Copenhagen, Kronborg, Oresund, Denmark

by Johann Baptist Homann

The ultimate map of Copenhagen and its region


Date of this map:  ca. 1720

Dimensions (without margins): 48 x 57 cm

Dimensions (including margins): 52,8 x 64 cm

Condition: Very good. Sharp copper impression. Old colouring. On sturdy watermaked paper with a small rust spot at left. Wide margins.

Condition rating: A+

Verso: blank





Item number:
Scandinavia, Iceland & Baltics
Recent Additions
Unless otherwise specifically stated on this map page, we charge the following expedition costs in euro (unfortunatelly, gone up with Covid, but still too low in reality!): 
– Benelux: 40 euro
– Rest of Europe: 60 euro
– Rest of the World: 100 euro

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Homann shows us Copenhagen, Kronborg, the Oresund and Hven

The North Sea coast between Sylt and Fanoe. This decorative map centers on a small plan of Copenhagen and extends to include the nearby cities of Helsingor, Helsingborg, Landskroma, Malmo, and Koge, all of which appear in plan form. The map identifies smaller towns and villages in the region and names the islands of Ween (Ven) and Saltzholm (Saltholm) in Der Sondsund (the Oresund). Several ships fill the Sound, and the Danish fleet is shown anchored in Koge Bay. At top left, there are three small views of Helsingborg, Landskroma, and Malmo. Another view at right presents the beautiful Renaissance-era Kronborg Castle, the basis for Elsinore in Hamlet. Across the bottom of the sheet is a stunning view of Copenhagen and its fortifications with the harbor in the background.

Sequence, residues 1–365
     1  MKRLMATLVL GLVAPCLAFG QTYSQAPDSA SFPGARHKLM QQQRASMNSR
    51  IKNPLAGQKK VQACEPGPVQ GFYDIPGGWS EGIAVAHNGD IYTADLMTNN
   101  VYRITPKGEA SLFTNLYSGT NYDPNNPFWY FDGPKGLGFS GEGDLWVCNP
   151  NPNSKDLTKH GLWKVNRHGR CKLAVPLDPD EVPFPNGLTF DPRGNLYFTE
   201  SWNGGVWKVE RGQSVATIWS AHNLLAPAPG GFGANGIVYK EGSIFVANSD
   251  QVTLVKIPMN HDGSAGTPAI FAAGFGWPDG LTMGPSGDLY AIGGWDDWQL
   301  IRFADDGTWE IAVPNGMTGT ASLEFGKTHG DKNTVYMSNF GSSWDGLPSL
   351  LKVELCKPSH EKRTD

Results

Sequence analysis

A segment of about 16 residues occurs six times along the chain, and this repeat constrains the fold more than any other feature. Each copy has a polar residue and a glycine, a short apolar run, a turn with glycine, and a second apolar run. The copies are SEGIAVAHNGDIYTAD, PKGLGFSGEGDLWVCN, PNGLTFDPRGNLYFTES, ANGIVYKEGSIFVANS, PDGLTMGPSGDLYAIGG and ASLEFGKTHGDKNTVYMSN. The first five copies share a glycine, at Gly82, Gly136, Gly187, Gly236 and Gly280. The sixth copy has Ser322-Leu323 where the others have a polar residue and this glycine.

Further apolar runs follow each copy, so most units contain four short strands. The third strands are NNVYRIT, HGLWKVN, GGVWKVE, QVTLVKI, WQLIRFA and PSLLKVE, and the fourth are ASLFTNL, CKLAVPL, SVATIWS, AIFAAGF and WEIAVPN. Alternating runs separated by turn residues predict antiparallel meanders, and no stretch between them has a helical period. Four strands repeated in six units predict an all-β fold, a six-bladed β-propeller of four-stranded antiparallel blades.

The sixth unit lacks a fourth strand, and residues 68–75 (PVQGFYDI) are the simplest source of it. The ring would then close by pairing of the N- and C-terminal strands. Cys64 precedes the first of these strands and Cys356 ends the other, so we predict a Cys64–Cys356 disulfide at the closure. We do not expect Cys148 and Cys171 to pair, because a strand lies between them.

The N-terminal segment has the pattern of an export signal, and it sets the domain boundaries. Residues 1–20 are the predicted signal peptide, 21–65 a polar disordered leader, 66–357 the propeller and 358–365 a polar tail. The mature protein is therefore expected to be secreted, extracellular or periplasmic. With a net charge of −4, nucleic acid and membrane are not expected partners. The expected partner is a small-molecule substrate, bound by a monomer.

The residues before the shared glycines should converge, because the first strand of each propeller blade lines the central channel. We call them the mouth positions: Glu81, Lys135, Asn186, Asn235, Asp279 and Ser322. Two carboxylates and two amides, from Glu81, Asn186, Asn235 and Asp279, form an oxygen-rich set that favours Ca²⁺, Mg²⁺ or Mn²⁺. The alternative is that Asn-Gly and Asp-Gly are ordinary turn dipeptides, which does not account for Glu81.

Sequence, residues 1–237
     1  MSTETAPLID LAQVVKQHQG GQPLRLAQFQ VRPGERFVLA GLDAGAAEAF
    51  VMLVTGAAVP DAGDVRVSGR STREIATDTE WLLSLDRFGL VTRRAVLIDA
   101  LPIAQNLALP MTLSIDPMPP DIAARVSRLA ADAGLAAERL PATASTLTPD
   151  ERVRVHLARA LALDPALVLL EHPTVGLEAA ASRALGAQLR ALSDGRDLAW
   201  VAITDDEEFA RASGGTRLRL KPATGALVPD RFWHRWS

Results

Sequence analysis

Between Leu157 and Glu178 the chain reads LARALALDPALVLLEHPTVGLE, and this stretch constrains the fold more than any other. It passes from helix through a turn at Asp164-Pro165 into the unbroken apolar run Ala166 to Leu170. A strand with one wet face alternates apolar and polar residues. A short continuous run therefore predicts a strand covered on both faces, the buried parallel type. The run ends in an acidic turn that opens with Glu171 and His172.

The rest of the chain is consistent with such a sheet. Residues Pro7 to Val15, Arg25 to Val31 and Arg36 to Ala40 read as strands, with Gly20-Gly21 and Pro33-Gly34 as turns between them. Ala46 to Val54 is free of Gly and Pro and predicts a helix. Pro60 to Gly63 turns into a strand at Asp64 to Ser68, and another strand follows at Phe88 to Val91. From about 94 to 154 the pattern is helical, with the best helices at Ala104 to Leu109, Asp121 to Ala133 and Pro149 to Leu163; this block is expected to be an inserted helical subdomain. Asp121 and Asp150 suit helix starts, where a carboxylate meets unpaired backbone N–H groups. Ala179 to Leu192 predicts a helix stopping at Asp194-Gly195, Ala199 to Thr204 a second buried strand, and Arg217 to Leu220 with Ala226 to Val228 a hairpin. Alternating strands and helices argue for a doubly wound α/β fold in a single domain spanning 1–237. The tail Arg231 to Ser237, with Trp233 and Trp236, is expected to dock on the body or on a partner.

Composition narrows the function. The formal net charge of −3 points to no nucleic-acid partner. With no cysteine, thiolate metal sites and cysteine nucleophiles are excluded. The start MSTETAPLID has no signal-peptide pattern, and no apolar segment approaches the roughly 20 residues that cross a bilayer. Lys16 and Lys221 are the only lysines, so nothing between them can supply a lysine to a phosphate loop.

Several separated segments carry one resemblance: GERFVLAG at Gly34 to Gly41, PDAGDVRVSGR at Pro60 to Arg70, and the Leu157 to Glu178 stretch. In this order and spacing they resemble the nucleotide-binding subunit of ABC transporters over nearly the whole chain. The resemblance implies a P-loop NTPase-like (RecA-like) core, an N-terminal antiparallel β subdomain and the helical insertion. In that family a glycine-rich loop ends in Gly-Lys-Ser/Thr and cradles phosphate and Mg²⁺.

Note: on the fourth and final picture, the isle (in green) of Hven is shown. Both observatories of Tycho Brahe, Uraniborg and Stjerneborg are clearly visible.

Johann Homann and his successors

Homann (1664-1724) was born in Oberkammlach in Bavaria. In 1702 he founded his own publishing house and acquired renown as a leading German cartographer, and in 1715 was appointed Imperial Geographer by Emperor Charles VI.  Giving such privileges to individuals was an added right that the Holy Roman Emperor enjoyed. In the same year he was also named a member of the Prussian Academy of Scineces in Berlin. Of particular significance to cartography were the imperial printing privileges, which protected for a time the authors in all scientific fields such as printers, copper engravers, map makers and publishers. They were also very important as a recommendation for potential customers.

In 1716 Homann published his masterpiece Grosser Atlas ueber die ganze Welt (Grand Atlas of all the World). Numerous maps were drawn up in cooperation with the engraver Christoph Wiegel the Elder.

Homann died in Nuremberg in 1724. He was succeeded by his son Johann Christoph (1703-1730). The company carried on upon his death as Homann heirs company, managed by Johann Michael Franz and Johann Georg Ebersberger. After subsequent changes in management the company folded in 1852.The company was known as “Homann Erben”, “Homanniani Heredes”, or “Heritiers de Homann” abroad.

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